Gear Review: Scott Dual Raid jacket/pants

Here at CMG, we like dual sport motorcycles, probably because even the best asphalt near our secret base on the east coast needs long-travel suspension. And when you’re riding a versatile motorcycle, you generally want versatile gear to go with it.

That’s why I went with Scott’s Dual Raid jacket and pants for my 2014 test gear.  Along with the jacket and pants, they also sent me a rain suit and gloves from Scott; I’ll publish those reviews in the future on CMG.

The specs

The Dual Raid jacket and pants have the same general features you’ll find in most decent dual sport gear. There’s a tough 500D textile outer shell, with removable armour (SAS-TEC protectors in shoulders and elbows are standard). There’s an assortment of handy pockets, including a large compartment on the back of the jacket for a Camelbak-type water bladder and a map pocket over your derriere.

The asymmetrical styling might not work for some, but I think it looks good. Photo: Rob Harris
The asymmetrical styling might not work for some, but I think it looks good. Photo: Rob Harris

The exterior of the jacket and pant isn’t waterproof; zip-in liners (provided with the suit) keep out wind and water.

Now some users might like the zip-in rain protection, but experiences on my trip to Arizona in 2013 leave me convinced zip-ins are a poor solution to one of motorcycling’s biggest problems. They require you to strip off your gear, insert the liners and then redress. As a result, I never use zip-in liners, opting instead for an external rainsuit, which is far more convenient.

The Dual Raid gear isn’t the only set of equipment that uses this system though – it’s fairly standard, for reasons I cannot fathom, and Scott is hardly to blame for using it when much pricier gear uses the same basic design.

Now that that’s out of the way, onto some of the fancier aspects of the suit. For starters, if the weather is hot, you can unzip the sleeves of the jacket and run it as a vest. That would allow you to still ride with your Camelbak, shoulder pads and optional back pad, but with your arms free to cool off in hot weather.

The jacket has snap adjustability on the arms, and hook/loop adjustability in the cuffs, which work fairly well. Although it isn’t quite as adjustable as some of the competition, I found it fit well to start with, so it wasn’t an issue. Anyone with a normal body shape should be fine. The jacket also has two vents on the chest that snap shut, along with full-length zippered vents on the sleeves, and two vents in back.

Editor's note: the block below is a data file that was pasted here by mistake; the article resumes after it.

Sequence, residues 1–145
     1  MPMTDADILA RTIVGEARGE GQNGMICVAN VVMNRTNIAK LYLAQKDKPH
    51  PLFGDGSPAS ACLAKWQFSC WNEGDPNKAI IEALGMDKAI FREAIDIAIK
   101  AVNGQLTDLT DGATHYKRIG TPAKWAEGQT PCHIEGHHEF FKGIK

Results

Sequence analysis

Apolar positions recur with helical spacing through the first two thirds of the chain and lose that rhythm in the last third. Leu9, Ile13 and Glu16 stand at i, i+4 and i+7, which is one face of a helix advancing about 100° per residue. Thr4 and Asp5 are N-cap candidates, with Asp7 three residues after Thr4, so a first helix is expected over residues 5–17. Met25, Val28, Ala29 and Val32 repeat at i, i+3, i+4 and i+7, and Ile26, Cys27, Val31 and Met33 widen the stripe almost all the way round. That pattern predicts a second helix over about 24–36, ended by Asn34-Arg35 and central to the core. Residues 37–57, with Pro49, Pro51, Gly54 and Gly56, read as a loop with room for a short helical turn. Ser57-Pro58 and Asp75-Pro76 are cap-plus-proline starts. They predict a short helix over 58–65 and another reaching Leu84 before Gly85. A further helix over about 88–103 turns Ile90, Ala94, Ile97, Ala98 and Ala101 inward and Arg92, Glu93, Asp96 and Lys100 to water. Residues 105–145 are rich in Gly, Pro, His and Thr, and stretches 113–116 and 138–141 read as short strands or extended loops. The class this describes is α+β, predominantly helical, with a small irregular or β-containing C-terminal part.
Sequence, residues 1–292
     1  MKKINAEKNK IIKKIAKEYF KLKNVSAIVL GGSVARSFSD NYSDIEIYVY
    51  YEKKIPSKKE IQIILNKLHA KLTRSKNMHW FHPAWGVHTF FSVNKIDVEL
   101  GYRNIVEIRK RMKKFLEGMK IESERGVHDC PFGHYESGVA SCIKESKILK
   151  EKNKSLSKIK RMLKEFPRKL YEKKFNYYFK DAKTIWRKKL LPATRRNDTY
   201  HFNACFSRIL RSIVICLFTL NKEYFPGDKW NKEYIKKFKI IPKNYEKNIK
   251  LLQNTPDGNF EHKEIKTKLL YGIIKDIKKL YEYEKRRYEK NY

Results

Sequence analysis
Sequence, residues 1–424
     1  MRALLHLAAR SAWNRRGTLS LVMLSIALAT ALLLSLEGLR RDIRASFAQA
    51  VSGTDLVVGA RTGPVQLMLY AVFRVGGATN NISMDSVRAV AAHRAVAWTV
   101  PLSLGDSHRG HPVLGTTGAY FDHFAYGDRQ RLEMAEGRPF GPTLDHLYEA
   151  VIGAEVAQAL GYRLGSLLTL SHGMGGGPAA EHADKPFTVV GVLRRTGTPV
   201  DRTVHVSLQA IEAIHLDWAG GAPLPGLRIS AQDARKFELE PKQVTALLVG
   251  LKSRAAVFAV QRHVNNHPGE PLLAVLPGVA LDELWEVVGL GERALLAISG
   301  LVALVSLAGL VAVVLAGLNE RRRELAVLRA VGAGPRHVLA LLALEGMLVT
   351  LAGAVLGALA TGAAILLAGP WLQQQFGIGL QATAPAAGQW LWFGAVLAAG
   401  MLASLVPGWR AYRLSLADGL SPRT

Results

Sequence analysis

The pants have adjustment tabs in the waist, leaving you a little wiggle room should you decide to lay a thumping on a Chinese buffet mid-ride. The pants have zippered vents that flow air very well at speed.

The Scott jacket and pants were my go-to gear for the summer, including a couple tours in Nova Scotia. The dual sport tour I did through the Cape Breton Highlands was a good challenge for the gear's sturdiness. Note the pants in this shot are Scott's rain overpants - I went with these, instead of the zip-in liners. Photo: Zac Kurylyk
The Scott jacket and pants were my go-to gear for the summer, including a couple tours in Nova Scotia. The dual sport tour I did through the Cape Breton Highlands was a good challenge for the gear’s sturdiness. Note the pants in this shot are Scott’s rain overpants – I went with these, instead of the zip-in liners. Photo: Zac Kurylyk

How it worked

That map pocket over the jacket's tail works well, and you can see the hydration bladder pocket on top of that - useful if you have a Camelbak or similar unit.
That map pocket over the jacket’s tail works well, and you can see the hydration bladder pocket on top of that – useful if you have a Camelbak or similar unit.

After using some pricy dual sport gear in 2013, I wondered how the Scott equipment would hold up. Through the season, I had no problem with broken zippers, fraying fabric, fuzzy Velcro, or … anything.

The jacket and pants appear to be made of top-quality material, if somewhat beefy, meaning that if you get a bike bogged down on the trail, you’ll have to remove some gear before you commence the extraction procedure, or you’ll overheat quickly. Of course,  I found this out the hard way when I got the Beta 498 RR stuck in a washout on top of a mountaintop somewhere in Cape Breton.

The jacket was comfortable on hot days, thanks to good venting, although it felt just a tad drafty without the liner on cold days. Photo: Rob Harris
The jacket was comfortable on hot days, thanks to good venting, although it felt just a tad drafty without the liner on cold days. Photo: Rob Harris

However, once up to speed, the chest vents do pass cooling air very well. Almost too well. Even with the vents snapped shut, a little bit of breeze would sneak in,  something rather annoying on a chilly day. This might be a good reason to keep the zip-in jacket liner, which would prevent this draftiness, though an external rain jacket also worked just as well.